Though Facebook is rarely mentioned alongside Apple, Microsoft and Amazon in discussions about conversational AI, the company has published a hoard of papers that underscore a deep interest in dialog systems. As has become clear with Siri, Cortana and Alexa, dialog is hard — it requires more than just good speech recognition to deliver a killer experience to users. From the sidelines Facebook has been tinkering with big challenges like natural language understanding and text generation. And today the Facebook AI Research team added to its portfolio with a paper bringing negotiation into the conversation (all puns intended).
Facebook’s team smashed game theory together with deep learning to equip machines to negotiate with humans. By applying rollout techniques more commonly used in game-playing AIs to a dialog scenario, Facebook was able to create machines capable of complex bargaining.
To start, Facebook dreamed up an imaginary negotiation scenario. Humans on Amazon’s Mechanical Turk were given an explicit value function and told to negotiate in natural language to maximize reward by splitting up a pot of random objects — five books, three hats and two balls. The game was capped at ten rounds of dialog, the rules stated that nobody would receive any reward if that limit was exceeded.
Because each agent had distinct hidden preferences, the two had to engage in dialog to sort out which objects should be given to which agent. Over the course of the interactions, machines naturally adopted many common negotiation tactics — like placing false emphasis on a low-value item in an attempt to use it as a more valuable bargaining chip later.
Under the hood, Facebook’s rollout technique takes the form of a decision tree. Decision trees are a critical component of many intelligent systems. They allow us to model future states from the present to make decisions. Imagine a game of tic-tac-toe, at any given point of the game, there is a finite option set (places you can place your “X” on the board.
In that scenario, each move has an expected value. Humans don’t usually consider this value in an explicit way but if you decompose your decision process when playing the game, you are effectively short-handing this math in your head.
Games like Tic Tac Toe are simple enough that they can be completely solved in a decision tree. More complex games like Go and Chess require strategies and heuristics to reduce the total number of states (it’s an almost unimaginable number of possible states). But even Chess and Go are relatively simple compared to dialog.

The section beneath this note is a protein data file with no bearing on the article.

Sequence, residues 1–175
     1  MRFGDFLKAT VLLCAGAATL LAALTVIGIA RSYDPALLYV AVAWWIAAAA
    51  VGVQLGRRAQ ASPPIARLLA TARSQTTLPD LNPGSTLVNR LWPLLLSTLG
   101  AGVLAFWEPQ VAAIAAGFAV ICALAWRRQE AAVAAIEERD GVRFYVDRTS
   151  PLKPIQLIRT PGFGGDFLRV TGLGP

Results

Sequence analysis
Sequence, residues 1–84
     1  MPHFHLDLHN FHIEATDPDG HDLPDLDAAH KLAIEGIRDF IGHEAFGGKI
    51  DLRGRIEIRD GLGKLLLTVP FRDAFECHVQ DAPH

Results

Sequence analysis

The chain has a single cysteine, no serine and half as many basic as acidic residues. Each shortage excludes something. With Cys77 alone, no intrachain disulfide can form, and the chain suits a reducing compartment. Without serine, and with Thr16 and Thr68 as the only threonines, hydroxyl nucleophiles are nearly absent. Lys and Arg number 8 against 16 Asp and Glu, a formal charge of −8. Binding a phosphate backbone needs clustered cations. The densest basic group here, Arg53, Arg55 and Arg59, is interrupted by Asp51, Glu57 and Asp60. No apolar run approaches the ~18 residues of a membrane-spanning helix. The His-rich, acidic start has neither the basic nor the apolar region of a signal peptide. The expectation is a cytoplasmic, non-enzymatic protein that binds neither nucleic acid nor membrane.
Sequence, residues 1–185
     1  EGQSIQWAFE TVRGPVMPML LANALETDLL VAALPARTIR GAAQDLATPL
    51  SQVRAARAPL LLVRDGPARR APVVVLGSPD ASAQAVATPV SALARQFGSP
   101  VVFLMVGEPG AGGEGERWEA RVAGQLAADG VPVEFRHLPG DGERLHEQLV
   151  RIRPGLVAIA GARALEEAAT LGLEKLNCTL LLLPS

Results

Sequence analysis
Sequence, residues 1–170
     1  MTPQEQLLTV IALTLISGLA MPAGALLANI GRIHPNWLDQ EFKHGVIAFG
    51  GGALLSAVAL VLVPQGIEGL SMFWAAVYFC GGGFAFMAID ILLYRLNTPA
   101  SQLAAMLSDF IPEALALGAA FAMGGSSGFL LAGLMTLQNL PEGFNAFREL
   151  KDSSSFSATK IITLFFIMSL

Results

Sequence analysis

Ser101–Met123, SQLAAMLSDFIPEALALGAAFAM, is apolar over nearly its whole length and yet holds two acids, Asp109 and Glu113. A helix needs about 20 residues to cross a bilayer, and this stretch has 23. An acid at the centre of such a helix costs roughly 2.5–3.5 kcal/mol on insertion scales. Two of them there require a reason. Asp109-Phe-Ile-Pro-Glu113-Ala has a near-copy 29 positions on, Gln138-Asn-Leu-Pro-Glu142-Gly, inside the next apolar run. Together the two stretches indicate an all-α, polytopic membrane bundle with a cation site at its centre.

Dialog doesn’t draw from a finite set of outcomes. This means that for any question, there is an infinite number of possible human responses. To model a conversation, researchers have to take extra effort to bound the uncertainty problem into a reasonable size and scope. Opting to model a negotiation scheme makes this possible. The language itself can exist in an infinite number of states but its intent generally clusters around simple outcomes (I’ll take the deal or reject it).
But even in a bounded world, it’s still difficult to get machines to interact with humans in a believable way. To this avail, Facebook trained its models on negotiations between pairs of people. Once this was done, the machines were set up to negotiate with each other using reinforcement learning. At the end of each round of conversation, agents received rewards to guide improvement.
FAIR researchers Michael Lewis and Dhruv Batra explained to me that their algorithms were better at preventing individuals from making bad decisions than ensuring individuals made the best decisions. This is still important — the team told me to imagine a calendar application that doesn’t try to schedule meetings for the best time for everyone but instead tries to just ensure the meeting actually happens.
As with a lot of research, the application of this technology isn’t necessarily as explicit as the scenario simulated for the paper. Engineers often employ adversarial relationships between machines to improve outcomes — think using generative adversarial networks to generate training data by having a machine generate data looking to fool another “gatekeeper” machine.
Semi-cooperative, semi adversarial relationships, like the relationship between a coach and an athlete, could be an interesting next frontier — further connecting game theory and machine learning.
Facebook has open sourced its code from this research project. If you’re interested, you can read additional details about the work in the full paper here.
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